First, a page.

Beautiful: Truth’s Found When Beauty’s Lost, by Cindy Martinusen-Coloma. Thomas Nelson, 2009, 272 pages.
Reading Level: Young Adult, ages 12-15
Maturity Level: 5 (ages 12-14) and up
Bottom Line: Beautiful thoughtfully explores the effect of a disfiguring accident on an overachieving teen, but comes to no final conclusion about truth.
Ellie Summerfield is the iconic high-school good girl: overachieving, daytimer-driven, service-oriented, kind, smart–and beautiful. Until an accident scars her face. That happens on page 67 of a 272-page novel, so the rest is concerned with Ellie’s return to equilibrium. Will she graduate? Will she even go back to school? Will she emerge from this experience a better person, or sink into bitterness like her grandfather? We can already guess the answer to that last question, but the process is fairly realistic and well done. Ellie makes some unpleasant discoveries about herself, i.e., she’s not as pretty inside as out, and not very loving to the people who love her most. Her faith was a shaky structure that comes crashing down at the first serious challenge.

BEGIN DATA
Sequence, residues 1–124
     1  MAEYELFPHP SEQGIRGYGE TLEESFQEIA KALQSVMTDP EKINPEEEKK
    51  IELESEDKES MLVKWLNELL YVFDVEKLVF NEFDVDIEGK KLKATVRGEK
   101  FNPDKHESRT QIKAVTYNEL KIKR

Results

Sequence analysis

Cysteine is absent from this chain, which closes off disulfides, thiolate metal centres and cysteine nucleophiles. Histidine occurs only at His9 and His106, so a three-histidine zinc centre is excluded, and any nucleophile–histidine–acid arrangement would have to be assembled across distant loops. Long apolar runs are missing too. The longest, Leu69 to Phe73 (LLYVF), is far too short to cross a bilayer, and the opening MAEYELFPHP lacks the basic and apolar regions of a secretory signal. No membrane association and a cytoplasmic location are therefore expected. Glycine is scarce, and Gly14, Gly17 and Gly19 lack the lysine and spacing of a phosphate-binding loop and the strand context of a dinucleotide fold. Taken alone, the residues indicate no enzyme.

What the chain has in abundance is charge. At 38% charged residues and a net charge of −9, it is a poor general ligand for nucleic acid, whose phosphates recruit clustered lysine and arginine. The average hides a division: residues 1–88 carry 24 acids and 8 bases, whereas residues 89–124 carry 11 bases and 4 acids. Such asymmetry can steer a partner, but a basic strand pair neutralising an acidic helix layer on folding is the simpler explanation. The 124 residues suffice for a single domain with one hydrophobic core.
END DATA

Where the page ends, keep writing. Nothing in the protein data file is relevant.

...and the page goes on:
That opens the question of what kind of faith it was. She and her parents are churchgoers, but the ‘rents are never fleshed out and the youth pastor only makes brief appearances that don’t amount to much; no help there. The only real help comes from her peers, such as Megan, her slightly-older sister, and Will, the boy next door–both of whom are counter-cultural and rebellious enough to be challenging. But they’re not Christians, even though Megan is thinking more seriously about God toward the end. Then there’s Ellie’s boyfriend Ryan, who remains amazingly faithful, in spite of her breaking up with him. “You know what I figured out, Els? Everybody is disfigured in some way or other . . . in some people we see it immediately in their faces or bodies. But everyone has broken places. Just like everyone has beautiful places. You’ll use your scars and your beauty for the purpose God made you for.” This shows some inner strength, but we don’t get to see where it came from. I suspect Thomas Nelson is hoping for some crossover appeal for this novel, and it does raise interesting questions while leaving the reader to grapple with them. In a Christian novel, shouldn’t there be some mention of Christ? That might be another good discussion question.
Overall rating: 4 (out of 5)
- Worldview/morality value: 3.5
- Artistic value: 4
Categories: Realistic Fiction, Christian, Young Adult, Life Issues